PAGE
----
Best Day Trips from Galway
Galway is positioned along the wild Atlantic Ocean and its most exciting day trips include dramatic cliffs, scenic islands and mountainous landscapes.
A day trip to the Aran Islands is a journey to a place where time has remained frozen for centuries. Just a 40-minute boat ride separates you from three ancient islands where traditional Gaelic culture continues to flourish.
Gaelic remains the primary language spoken, thatched-roof cottages and Celtic artifacts dot the landscape and life flows at a gentle pace. Inis Mór (Inishmore) is the largest of the Aran Islands and features the archaic Dún Aonghasa, one of western Europe’s oldest archaeological sites.
Cliffs of Moher
Ireland’s most famous natural attraction, the Cliffs of Moher tower high above the Atlantic Ocean and offer jaw-dropping coastal vistas. Drive south on the Wild Atlantic Way from Galway and you’ll reach the precipitous cliffs in roughly two hours.
Watch the sunlight glistening against the Atlantic waves as the furious wind pummels your face. The exhilarating views of sea stacks, blooming flowers and rugged coastlines are a testament to Mother Nature’s power. If you plan on visiting the Cliffs of Moher you can easily hike or walk the trails and visit for free.
Connemara National Park
Situated approximately 80-90 km northwest of Galway, Connemara National Park contains some of the harshest landscapes in Ireland. Craggy mountains, dense bogs, sweeping grasslands and sparkling lakes are among its prominent features. The park is home to an abundance of wildlife including majestic Connemara ponies, foxes, red deer and a wide range of bird species.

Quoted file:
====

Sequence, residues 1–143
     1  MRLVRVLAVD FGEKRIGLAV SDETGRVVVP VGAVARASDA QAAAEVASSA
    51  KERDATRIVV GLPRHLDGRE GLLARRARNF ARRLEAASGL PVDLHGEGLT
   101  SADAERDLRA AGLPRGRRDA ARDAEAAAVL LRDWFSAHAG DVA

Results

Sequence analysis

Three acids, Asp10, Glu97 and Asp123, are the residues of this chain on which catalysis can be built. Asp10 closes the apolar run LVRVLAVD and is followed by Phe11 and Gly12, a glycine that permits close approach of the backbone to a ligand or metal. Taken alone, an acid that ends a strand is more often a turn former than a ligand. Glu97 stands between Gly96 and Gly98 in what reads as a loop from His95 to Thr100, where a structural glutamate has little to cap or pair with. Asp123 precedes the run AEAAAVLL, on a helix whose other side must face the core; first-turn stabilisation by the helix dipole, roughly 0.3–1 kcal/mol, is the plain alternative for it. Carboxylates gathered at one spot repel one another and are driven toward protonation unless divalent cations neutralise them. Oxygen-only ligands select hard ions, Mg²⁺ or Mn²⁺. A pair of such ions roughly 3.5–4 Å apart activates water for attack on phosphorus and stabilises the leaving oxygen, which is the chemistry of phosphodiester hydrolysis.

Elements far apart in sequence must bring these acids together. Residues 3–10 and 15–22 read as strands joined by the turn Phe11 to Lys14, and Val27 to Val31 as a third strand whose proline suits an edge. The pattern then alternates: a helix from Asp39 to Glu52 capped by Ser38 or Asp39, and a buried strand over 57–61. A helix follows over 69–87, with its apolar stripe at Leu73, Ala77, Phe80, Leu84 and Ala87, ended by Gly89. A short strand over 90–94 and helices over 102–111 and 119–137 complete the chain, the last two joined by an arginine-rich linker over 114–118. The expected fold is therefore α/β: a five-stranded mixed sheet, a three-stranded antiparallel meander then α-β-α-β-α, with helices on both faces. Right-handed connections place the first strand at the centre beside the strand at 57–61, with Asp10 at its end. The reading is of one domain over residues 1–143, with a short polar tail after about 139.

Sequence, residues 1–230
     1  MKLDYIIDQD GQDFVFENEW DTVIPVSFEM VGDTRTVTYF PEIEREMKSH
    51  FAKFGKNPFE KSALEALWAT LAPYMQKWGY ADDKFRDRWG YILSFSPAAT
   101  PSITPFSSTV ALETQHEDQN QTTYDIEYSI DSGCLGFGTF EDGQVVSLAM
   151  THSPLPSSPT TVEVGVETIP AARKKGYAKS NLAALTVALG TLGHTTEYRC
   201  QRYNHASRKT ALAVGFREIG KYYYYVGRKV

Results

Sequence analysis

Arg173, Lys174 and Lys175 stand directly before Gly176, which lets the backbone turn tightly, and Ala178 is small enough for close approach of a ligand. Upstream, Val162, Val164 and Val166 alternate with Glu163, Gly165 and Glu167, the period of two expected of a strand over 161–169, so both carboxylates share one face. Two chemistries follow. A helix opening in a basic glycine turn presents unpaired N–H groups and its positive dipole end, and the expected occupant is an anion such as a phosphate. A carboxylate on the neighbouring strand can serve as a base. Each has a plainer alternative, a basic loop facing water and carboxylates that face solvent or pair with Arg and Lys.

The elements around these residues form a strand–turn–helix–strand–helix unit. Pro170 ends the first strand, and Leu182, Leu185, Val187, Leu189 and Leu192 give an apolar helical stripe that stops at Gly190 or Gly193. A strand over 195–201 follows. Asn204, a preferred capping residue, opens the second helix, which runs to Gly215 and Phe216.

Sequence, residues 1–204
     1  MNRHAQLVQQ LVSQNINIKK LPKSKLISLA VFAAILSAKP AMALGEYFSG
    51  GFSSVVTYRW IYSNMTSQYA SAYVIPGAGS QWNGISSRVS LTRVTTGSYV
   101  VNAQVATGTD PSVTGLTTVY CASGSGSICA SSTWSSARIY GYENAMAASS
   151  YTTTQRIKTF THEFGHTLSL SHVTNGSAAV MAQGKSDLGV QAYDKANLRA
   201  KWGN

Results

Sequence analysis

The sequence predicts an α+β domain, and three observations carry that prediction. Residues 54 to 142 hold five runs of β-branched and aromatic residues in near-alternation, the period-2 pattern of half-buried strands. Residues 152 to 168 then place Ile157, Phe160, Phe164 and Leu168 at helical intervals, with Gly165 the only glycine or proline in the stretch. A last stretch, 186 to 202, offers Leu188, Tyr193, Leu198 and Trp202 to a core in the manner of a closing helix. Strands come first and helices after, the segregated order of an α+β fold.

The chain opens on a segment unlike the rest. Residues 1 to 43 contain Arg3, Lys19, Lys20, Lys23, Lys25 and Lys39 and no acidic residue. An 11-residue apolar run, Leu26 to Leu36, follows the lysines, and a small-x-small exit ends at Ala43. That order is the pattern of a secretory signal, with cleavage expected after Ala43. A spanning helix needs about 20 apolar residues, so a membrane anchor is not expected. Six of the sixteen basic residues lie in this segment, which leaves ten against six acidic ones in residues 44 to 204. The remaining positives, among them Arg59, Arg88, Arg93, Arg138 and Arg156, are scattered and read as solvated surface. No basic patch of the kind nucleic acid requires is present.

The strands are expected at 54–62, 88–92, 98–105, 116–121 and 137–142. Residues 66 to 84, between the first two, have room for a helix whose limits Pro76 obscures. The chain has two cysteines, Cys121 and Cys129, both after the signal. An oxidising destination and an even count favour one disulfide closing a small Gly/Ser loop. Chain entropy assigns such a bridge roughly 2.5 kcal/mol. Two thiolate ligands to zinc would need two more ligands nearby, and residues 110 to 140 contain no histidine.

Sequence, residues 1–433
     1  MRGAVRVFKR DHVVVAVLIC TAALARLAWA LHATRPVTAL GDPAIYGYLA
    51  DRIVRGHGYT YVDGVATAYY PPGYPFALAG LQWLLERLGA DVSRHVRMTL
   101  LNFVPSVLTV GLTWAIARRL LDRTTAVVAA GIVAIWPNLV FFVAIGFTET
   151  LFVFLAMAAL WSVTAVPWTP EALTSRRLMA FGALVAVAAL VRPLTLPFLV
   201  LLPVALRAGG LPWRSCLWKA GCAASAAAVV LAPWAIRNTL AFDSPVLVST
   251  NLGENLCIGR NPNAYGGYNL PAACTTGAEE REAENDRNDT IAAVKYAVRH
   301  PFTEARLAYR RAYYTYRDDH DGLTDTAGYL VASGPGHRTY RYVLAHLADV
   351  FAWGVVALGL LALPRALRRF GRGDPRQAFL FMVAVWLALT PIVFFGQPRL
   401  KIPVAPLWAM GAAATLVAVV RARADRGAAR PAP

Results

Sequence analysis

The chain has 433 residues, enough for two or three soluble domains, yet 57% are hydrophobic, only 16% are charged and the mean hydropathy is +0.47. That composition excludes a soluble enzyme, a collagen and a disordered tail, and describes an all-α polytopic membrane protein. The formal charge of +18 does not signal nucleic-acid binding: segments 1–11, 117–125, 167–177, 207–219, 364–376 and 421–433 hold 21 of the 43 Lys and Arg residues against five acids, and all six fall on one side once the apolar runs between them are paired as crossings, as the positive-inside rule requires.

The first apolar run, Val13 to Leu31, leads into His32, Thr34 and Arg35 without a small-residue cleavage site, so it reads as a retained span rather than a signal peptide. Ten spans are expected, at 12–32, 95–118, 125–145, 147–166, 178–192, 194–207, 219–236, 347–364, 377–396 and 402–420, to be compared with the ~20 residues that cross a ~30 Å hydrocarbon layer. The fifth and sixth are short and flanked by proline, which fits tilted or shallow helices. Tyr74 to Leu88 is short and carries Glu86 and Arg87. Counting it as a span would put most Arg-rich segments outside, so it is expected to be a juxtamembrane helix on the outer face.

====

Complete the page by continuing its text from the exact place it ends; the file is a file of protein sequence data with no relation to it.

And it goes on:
Connemara is a hiker’s dream with numerous routes that traverse through isolated trails. The mountain peaks here are not dramatic in height, but, nevertheless, offer sensational vistas of the unforgiving terrain.
Places to Stay in Galway
The g Hotel & Spa (Luxury)
Galway City’s only five-star hotel pampers you with rejuvenating spa treatments, elegant rooms and gastronomic pleasures from Gigi’s Restaurant.
Galway Bay Hotel (Mid-Range)
This cozy hotel sits right along the Salthill Promenade, provides access to its pool and leisure centre, offers discounts to local shops and delivers a homely atmosphere for families.
Sleepzone Galway City Hostel (Budget)
Sleepzone has spacious accommodations, a large kitchen, friendly staff and day tours to popular sights in western Ireland.
Places to Eat in Galway
Aniar Restaurant (Luxury)
The terroir based, Michelin-star restaurant features an exceptional tasting menu and wine pairings by incorporating the richest local flavors from the west of Ireland.
Ard Bia at Nimmos (Mid-Range)
This locally beloved restaurant offers riverside views, a delightful ambiance and elegantly merges traditional Irish recipes with international tastes.
This iconic, family-run chippy has been in business for over a century and serves a variety of fresh fish and other seafood delights.
- Galway is nicknamed “The City of Tribes” in reference to the 14 merchant families who ran the city during the medieval period.
- Galway was named one of the 2020 European Capitals of Culture.
- Galway is the festival capital of Ireland hosting over 100 events per year.
- Galway is home to the country’s largest Gaeltacht (Irish language) community.
- Eyre Square’s official name is John F. Kennedy Park due to the former U.S. President’s visit to Galway.